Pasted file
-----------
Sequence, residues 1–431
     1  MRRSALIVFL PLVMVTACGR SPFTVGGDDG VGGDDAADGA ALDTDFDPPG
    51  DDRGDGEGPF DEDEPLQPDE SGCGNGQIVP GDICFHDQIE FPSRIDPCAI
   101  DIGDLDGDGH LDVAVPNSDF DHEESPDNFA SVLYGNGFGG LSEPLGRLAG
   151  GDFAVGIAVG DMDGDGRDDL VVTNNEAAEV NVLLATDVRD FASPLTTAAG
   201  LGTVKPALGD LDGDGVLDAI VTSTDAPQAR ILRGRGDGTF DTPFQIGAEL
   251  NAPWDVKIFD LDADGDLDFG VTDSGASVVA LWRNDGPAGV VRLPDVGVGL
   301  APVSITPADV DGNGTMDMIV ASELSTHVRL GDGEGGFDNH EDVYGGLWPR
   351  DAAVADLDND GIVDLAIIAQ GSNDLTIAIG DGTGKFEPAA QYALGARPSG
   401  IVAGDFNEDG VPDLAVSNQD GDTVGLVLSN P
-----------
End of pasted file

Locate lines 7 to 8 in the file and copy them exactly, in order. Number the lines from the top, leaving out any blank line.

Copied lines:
   251  NAPWDVKIFD LDADGDLDFG VTDSGASVVA LWRNDGPAGV VRLPDVGVGL
   301  APVSITPADV DGNGTMDMIV ASELSTHVRL GDGEGGFDNH EDVYGGLWPR